Vera Bradley Inc. on Wednesday reported a 57% jump in first fiscal quarter revenues as pandemic-fatigued consumers opened their pocketbooks to buy more handbags, luggage and accessories.
Even so, the Fort Wayne-based manufacturer experienced a loss for the 13-week period ended May 1.
Vera Bradley reported a first-quarter loss of $2.1 million, or 6 cents per diluted common share, a $13 million improvement from the loss of $15.3 million, or 66 cents a share, reported for the same period last year.
CEO Rob Wallstrom noted the company's performance beat revenue and earnings expectations.
“Consumer confidence, traffic, and spending grew as vaccines became more widely available; government stimulus funds were distributed; and customers began returning to work, social events, and travel,” he said in a statement. “We expanded our consolidated gross margin rate and prudently managed our expenses.”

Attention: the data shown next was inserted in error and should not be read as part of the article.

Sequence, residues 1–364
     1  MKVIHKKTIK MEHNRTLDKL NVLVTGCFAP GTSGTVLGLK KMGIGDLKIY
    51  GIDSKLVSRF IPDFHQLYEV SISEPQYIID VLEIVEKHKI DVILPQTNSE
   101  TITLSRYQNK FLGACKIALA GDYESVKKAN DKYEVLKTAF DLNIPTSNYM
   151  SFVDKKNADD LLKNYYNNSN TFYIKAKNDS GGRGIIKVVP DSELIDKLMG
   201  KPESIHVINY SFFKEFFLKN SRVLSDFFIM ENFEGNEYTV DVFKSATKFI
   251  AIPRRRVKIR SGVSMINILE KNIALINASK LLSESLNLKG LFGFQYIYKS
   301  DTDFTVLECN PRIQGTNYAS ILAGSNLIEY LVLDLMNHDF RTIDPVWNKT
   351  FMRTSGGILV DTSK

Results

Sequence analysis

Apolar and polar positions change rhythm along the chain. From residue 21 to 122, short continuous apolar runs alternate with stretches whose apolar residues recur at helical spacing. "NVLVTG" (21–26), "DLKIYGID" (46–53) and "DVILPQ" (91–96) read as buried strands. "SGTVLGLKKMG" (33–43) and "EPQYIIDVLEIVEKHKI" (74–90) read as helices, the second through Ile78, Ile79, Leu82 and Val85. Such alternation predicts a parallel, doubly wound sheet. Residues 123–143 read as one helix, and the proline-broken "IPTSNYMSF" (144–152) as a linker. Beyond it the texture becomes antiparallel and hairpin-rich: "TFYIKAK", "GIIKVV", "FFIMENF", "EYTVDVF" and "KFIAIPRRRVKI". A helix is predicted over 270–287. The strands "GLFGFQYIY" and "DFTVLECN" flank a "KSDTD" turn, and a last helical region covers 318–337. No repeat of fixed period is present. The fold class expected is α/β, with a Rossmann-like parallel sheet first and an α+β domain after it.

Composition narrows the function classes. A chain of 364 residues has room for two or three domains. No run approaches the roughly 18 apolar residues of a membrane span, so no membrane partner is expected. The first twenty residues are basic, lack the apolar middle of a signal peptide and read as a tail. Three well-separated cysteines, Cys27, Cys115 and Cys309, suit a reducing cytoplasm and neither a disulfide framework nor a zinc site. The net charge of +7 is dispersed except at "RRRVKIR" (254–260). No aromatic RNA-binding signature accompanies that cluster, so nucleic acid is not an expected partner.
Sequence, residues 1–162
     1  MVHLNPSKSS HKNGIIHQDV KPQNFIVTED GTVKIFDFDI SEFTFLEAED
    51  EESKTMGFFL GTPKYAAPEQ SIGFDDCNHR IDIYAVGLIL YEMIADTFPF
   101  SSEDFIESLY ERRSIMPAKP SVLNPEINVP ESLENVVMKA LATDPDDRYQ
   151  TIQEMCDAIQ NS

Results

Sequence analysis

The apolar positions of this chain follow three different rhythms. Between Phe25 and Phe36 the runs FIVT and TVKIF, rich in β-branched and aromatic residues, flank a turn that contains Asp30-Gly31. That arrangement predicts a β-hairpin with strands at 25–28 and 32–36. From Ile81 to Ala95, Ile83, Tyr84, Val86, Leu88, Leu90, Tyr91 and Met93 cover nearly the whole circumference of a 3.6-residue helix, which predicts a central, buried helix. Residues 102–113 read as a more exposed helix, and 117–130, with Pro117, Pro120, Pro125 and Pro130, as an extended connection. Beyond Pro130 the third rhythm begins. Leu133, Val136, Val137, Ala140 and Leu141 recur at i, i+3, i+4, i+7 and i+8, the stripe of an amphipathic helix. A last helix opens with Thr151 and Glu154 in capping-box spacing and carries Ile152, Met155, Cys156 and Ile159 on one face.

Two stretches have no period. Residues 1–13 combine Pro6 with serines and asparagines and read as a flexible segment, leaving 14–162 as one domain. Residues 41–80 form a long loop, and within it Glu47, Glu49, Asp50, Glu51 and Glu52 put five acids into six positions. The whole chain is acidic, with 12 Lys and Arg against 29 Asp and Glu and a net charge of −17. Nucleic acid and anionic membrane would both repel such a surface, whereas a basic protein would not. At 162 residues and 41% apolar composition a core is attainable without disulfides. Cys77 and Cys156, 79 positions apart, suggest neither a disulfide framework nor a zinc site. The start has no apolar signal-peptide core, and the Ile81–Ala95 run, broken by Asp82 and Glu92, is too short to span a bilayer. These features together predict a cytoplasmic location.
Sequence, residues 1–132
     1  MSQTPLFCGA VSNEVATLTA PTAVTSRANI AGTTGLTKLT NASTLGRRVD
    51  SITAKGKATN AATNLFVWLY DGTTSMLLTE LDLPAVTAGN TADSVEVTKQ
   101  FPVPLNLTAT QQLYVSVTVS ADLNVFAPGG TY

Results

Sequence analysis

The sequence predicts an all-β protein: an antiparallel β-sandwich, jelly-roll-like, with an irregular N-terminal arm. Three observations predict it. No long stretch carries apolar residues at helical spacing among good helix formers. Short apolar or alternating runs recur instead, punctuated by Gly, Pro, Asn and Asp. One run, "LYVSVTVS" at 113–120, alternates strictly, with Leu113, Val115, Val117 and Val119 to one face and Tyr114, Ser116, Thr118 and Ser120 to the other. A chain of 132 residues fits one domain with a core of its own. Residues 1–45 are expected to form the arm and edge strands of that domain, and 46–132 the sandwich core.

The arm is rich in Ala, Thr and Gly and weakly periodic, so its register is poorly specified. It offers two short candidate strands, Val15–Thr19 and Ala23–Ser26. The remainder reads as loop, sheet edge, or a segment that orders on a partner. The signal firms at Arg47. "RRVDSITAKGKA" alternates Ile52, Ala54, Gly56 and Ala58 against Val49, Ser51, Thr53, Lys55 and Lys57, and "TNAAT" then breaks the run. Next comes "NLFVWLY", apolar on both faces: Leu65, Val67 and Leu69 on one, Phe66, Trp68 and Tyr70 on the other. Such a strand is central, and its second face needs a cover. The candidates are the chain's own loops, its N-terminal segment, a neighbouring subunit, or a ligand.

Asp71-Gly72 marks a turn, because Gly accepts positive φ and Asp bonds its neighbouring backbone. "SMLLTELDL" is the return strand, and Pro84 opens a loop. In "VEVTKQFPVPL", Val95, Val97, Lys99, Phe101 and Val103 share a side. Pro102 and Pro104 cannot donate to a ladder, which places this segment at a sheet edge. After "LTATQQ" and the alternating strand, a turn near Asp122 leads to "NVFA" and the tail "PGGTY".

The company's balance sheet shows more than $51 million in cash and cash equivalents, and no long-term debt.
Vera Bradley's first quarter last year included store shutdowns because of the coronavirus pandemic. Also, leadership cut expenses by temporarily furloughing about 80% of its workforce and temporarily reducing base compensation for remaining salaried workers ranging from 15% to 30%, and 75% for the CEO.
The company's stock reflects its comeback. Vera Bradley share prices have increased by 70% since the beginning of the year and 89% in the last 12 months.
Wallstrom said his priorities remain unchanged.
“As a reminder, our enterprise's forward-looking strategy is to be a purpose-driven, multi-lifestyle brand, high-growth company,” he said. “Our strong cash position, debt-free balance sheet, and ability to generate free cash flow will allow us to continue to invest in both our Vera Bradley and Pura Vida brands and seek out appropriate acquisitions of other comfortable, affordable, purpose-driven, digitally native brands, similar to our successful Pura Vida acquisition, over time.”